Holiday closures

Pinning down an exact list of Spanish holidays that could affect your travel is quite difficult. There are over 10 national holidays honored across the country, however each region will also have additional local holidays as well. Major holidays include: New Year's Day, Epiphany (January 6), the week leading up to Easter, Workers Day (May 1), Assumption of the Virgin (August 15), National Day (October 12), All Saints Day (November 1), Constitution Day (December 6), Immaculate Conception (December 8) and Christmas Eve/Day. Expect major closures during these days. Many museums, cathedrals and attractions may be on altered times or closed. Family owned shops and restaurants may be closed as well. Be sure to look for any holidays (often to celebrate the patron saint) for any cities you will be visiting.

 

What to pack

Passports are required to enter Spain but you will not need a Visa if traveling from the US. Spain’s electrical outlets call for 220V, 50 Hz — and type F prongs (with the rounded tip). Be sure to bring a few adapters for your trip. Spaniards do a lot of walking and you’ll do the same while you’re there. Be sure to pack good walking shoes to keep you moving. We’d also advise on bringing sunscreen as Spain is one of the sunniest countries in Europe. Temperatures can exceed 100 F during the peak months of summer across Spain. And with those temperatures, its important to stay hydrated. We usually bring a trusty water bottle but there are plenty of shops to buy some there if needed. And of course, with all that beauty around you, be sure to have your favorite camera with a few extra batteries. Most cathedrals and museums do not allow tripods inside.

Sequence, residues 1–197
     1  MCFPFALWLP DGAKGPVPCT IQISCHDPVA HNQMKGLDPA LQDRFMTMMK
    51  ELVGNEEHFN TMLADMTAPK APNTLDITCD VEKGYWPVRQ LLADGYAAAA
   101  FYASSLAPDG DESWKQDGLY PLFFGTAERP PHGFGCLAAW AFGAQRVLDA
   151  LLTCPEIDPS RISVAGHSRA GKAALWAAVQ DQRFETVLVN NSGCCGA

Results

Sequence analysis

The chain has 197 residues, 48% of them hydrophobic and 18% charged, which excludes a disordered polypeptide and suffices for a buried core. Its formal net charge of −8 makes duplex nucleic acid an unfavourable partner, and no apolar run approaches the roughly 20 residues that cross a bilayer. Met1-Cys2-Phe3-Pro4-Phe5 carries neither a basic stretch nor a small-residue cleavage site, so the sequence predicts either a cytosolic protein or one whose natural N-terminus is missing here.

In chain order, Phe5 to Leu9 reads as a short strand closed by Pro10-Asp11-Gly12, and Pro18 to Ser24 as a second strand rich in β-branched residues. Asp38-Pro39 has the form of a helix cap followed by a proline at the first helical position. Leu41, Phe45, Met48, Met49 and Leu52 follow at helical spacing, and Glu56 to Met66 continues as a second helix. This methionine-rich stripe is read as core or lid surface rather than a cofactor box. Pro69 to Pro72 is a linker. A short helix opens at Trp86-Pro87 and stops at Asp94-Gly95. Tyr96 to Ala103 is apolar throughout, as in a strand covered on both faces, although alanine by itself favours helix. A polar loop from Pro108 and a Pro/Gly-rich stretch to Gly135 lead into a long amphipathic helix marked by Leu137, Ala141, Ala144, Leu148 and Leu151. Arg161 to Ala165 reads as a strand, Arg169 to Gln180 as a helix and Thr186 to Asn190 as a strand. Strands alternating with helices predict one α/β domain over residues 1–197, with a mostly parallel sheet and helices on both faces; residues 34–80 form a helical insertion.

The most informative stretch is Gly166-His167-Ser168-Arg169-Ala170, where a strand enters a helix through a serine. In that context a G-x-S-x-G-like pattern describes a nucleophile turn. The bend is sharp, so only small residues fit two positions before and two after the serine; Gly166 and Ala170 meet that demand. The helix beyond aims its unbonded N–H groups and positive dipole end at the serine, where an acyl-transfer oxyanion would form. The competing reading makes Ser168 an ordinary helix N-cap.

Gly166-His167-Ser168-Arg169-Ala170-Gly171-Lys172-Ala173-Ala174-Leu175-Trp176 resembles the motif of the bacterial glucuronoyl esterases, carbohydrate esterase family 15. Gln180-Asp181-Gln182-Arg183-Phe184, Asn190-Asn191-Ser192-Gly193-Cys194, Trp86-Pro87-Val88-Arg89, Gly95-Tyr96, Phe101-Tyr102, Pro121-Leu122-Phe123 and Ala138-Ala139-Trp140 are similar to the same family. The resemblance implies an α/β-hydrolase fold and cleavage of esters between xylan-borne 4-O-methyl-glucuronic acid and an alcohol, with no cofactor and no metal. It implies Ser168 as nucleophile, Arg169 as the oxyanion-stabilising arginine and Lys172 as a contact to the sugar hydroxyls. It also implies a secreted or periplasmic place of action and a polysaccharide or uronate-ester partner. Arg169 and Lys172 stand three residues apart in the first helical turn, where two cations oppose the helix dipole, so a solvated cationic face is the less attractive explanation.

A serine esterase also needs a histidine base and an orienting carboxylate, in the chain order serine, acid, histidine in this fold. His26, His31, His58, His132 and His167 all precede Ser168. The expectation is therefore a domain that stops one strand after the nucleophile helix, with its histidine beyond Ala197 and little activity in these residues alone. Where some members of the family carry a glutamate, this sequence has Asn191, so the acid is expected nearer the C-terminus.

Language

Most of Spain speaks Spanish however Barcelona, the capital of Catalonia, has two official languages Spanish and Catalan. Catalan has some similar roots to Spanish but is a different language all together. Locals speak Catalan in their daily lives and children learn the language at school however most everyone speaks Spanish as well. Many Europeans also speak some English too but here are a few words in Spanish to get you by:

Good morning - Buenos días

Good afternoon - Buenas tardes

Good evening - Buenas noches

Hi - Hola

Please - Por Favor

Thank you - Gracias

How are you? - ¿Cómo está?

My name is ___ - Me llamo ____

Do you speak English? - ¿Habla inglés?

I want ____ - Yo quiero ____

Where is - ¿Dónde está?

How much does it cost - ¿Cuánto cuesta?

What time is it? - ¿Qué hora es?

Where is the bathroom? - ¿Dónde está el baño?

Where is a restaurant? - ¿Dónde hay un restaurante?

Water - Agua

Food - Comida

Beer - Cerveza

Coffee - Un café